In a signing that likely took place a long time ago, but hasn’t officially shown up on the Cubs’ transaction registry, the team is bringing back lefty Rex Brothers on a minor league deal, according to Baseball America.
Together with deals we already knew about, BA’s latest minor league transactions update has Brothers in there for the Cubs. Given the relative dearth of lefty options for the bullpen competition (compared to the very large list of righties), it makes sense.
It also makes sense for the Cubs to bring back Brothers based on what they saw at the alternate site last year. I heard and read from multiple places that Brothers was on a run at one point where he looked as good as he’s ever looked, but unfortunately never really got a meaningful chance to port that over to the big league team. Hopefully some continuity with the Cubs could keep him on track, and able to contribute this year.
Brothers, 33, is one of those white whale relievers that every team knows has insanely good stuff, but hasn’t ever been able to consistently harness it (at least not since his earliest days with the Rockies). The lefty pairs an upper-90s fastball from a funky angle with a ridiculous wipeout slider, and when you see him “on,” he looks like an elite setup man or closer. He’s that good. But he gets wild, both in terms of a substantial walk rate, and also in terms of badly missing his spots and getting knocked around.
I’ve offered the comparison before because it’s good context for Cubs fans: Brothers right now is like a lefty Dillon Maples. The two pitches are that good. The inability to consistently execute them is that vexing. He faced 15 batters with the Cubs in 2020, and he struck out 8(!) of them. But he also walked three and gave up two homers. That was kinda him in a nutshell.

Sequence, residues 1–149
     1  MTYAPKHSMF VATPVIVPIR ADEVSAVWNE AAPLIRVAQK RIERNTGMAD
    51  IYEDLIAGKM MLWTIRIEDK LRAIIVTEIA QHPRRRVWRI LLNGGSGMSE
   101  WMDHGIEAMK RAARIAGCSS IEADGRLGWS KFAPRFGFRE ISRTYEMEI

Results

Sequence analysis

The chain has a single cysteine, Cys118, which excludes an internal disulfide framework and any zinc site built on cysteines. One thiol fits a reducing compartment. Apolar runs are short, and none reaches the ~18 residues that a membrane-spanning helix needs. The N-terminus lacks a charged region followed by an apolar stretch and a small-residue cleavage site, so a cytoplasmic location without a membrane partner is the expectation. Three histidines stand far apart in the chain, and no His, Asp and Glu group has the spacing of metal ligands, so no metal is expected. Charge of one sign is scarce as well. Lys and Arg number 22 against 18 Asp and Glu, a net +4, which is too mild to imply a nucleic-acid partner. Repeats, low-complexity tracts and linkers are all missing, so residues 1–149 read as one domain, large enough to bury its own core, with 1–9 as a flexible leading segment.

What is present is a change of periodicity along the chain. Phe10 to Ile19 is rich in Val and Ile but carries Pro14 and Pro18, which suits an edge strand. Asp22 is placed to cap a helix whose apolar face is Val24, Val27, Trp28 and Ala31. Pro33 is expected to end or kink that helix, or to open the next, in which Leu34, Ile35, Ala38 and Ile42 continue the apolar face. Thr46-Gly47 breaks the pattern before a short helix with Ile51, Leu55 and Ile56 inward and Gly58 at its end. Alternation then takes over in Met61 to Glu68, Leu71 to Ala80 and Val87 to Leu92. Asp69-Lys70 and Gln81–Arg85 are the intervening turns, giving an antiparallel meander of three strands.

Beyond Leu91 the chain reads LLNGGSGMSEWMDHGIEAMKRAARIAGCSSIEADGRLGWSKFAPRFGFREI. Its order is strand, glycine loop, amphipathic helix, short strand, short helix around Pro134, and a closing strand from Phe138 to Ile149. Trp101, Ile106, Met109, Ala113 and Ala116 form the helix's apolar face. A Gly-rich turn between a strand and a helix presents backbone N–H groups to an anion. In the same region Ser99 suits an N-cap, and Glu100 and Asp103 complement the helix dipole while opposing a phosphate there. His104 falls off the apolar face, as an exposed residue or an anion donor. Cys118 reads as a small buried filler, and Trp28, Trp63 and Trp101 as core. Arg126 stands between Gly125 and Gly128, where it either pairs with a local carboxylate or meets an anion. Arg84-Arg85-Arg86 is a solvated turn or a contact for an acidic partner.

Brothers will come to Spring Training to try to win a job in the Opening Day bullpen, and otherwise could be an up and down guy if he makes the roster. Despite the journeyman career, Brothers incredibly still has a minor league option year remaining, which could come in handy.
Other lefties in the mix to try to win a job in the bullpen include Adam Morgan, Kyle Ryan, and Brad Wieck, as well as guys who are more likely to have to work a bit in the upper minors first before they get a shot, like D.J. Snelten and Jerry Vasto. You’ve also got Justin Steele, who could be in the mix, but as Bryan has aptly pointed out, we still don’t know whether the Cubs are going to try to keep him in a starting role for now.